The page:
Around the corner at the New School’s 12th Street Auditorium, tenor saxophonist Melissa Aldana expanded her usual tenor/bass/drums trio to a sextet, adding piano, vibes and trumpet. The Chilean native, who won the Thelonious Monk International Saxophone Competition in 2013, continues to be one of the instrument’s most impressive soloists. The moods in her set recalled 1960s-era Miles Davis, but everything felt more involved, from the writing to the solos. Aldana and her bandmates had the look of conservatory students (Aldana is 28), but they countered that vision with a full-blown maturity in their playing.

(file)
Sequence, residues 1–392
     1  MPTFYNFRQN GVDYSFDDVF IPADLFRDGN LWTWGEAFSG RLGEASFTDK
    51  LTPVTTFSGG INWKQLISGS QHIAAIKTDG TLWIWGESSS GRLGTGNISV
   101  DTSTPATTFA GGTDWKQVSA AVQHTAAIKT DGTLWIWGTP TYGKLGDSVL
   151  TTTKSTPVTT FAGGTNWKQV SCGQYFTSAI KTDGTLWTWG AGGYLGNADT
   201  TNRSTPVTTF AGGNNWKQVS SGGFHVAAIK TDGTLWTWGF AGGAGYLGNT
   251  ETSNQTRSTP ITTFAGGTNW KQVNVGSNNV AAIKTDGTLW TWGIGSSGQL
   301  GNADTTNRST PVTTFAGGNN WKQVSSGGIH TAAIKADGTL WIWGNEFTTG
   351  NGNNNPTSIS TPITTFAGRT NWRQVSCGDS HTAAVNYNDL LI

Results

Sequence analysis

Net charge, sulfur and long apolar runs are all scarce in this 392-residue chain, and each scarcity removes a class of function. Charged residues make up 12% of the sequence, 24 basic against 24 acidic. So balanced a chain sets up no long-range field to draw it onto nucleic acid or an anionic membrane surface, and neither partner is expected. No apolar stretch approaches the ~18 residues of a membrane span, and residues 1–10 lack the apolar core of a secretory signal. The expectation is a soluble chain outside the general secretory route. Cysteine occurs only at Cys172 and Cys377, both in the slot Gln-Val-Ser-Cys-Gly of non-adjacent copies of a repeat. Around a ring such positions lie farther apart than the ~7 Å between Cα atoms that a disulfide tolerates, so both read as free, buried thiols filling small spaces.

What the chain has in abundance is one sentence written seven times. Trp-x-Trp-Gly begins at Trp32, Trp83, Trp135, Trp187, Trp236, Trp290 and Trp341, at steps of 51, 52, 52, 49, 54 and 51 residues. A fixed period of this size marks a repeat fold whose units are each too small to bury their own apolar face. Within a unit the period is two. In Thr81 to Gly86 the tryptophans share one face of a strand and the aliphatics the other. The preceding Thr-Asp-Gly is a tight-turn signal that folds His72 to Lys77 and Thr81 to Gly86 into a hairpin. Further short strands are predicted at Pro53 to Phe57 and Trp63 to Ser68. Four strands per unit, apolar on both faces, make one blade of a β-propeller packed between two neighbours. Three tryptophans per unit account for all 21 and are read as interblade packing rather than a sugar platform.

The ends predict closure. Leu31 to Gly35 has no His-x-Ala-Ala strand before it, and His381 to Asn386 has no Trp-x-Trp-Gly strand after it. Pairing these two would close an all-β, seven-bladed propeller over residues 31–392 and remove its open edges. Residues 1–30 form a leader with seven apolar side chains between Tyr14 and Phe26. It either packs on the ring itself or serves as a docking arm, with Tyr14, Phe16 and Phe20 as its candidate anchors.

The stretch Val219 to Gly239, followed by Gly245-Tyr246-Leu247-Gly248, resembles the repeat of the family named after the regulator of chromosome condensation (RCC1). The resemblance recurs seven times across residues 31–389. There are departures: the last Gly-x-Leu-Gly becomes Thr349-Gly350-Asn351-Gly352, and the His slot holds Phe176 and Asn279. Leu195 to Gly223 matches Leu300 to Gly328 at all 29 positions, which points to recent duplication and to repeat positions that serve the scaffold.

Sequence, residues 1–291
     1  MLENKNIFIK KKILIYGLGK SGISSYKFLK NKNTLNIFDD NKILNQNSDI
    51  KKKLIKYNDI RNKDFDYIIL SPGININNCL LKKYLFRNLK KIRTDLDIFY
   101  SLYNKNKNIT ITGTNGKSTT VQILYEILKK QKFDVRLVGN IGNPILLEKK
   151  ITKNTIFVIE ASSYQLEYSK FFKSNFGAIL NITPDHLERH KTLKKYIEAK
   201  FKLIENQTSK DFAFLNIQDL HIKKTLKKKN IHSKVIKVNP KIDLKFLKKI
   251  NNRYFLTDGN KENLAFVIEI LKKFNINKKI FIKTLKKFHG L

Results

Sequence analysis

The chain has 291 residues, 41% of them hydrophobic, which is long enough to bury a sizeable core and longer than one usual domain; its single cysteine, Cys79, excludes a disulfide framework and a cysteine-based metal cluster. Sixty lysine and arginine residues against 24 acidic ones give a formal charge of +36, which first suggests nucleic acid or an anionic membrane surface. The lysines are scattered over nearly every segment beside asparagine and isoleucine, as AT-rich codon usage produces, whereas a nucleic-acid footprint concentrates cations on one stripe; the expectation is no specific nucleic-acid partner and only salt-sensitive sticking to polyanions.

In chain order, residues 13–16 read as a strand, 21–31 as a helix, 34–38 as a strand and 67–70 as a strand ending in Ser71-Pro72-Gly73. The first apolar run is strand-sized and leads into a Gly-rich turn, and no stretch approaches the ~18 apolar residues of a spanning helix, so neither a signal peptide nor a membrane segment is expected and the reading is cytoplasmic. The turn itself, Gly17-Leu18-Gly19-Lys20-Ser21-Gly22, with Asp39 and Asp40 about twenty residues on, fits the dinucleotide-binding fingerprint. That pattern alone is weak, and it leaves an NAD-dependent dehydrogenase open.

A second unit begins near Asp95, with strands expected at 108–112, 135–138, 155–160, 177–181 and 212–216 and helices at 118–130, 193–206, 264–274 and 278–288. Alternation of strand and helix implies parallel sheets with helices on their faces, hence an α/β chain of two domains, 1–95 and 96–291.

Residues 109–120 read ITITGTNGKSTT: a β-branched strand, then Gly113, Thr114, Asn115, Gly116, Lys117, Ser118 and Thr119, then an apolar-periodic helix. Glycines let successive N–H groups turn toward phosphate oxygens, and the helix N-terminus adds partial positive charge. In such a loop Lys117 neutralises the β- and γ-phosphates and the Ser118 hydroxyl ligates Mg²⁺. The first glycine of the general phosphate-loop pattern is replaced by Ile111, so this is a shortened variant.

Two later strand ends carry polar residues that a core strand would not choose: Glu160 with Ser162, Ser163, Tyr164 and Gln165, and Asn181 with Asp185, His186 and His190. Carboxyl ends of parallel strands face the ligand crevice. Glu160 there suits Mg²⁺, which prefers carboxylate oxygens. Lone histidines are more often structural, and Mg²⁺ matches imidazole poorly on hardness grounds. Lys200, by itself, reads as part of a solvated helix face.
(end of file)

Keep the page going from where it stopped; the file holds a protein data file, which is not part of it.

Earlier in the evening, there had been no room in the Glass Box Theater to see trumpeter Jonathan Finlayson, so I wasn’t going to take any chances on missing Mike Reed’s Flesh & Bone, who were set to play in the same intimate space immediately following Aldana. Reed, a drummer from Chicago, who has also done a lot to support original music in that city, brought a sextet that included bass clarinetist (and half-brother of comedian Amy Schumer) Jason Stein and alto saxophonist Greg Ward, both of whom released some of 2016’s best jazz albums under their own names. Reed’s music moves like a modern, turbo-charged version of Charles Mingus. The drummer and bassist Jason Roebke held down the fort, while the horns took off in whatever direction the mood required. Marvin Tate took things even deeper with spoken-word interludes that captured the social-political concerns of the festival. While these kinds of verbal breaks can occasionally bog down such a performance, I found myself wanting to hear more of Tate’s impassioned delivery. When this band releases an album, buy it. Better yet, buy two.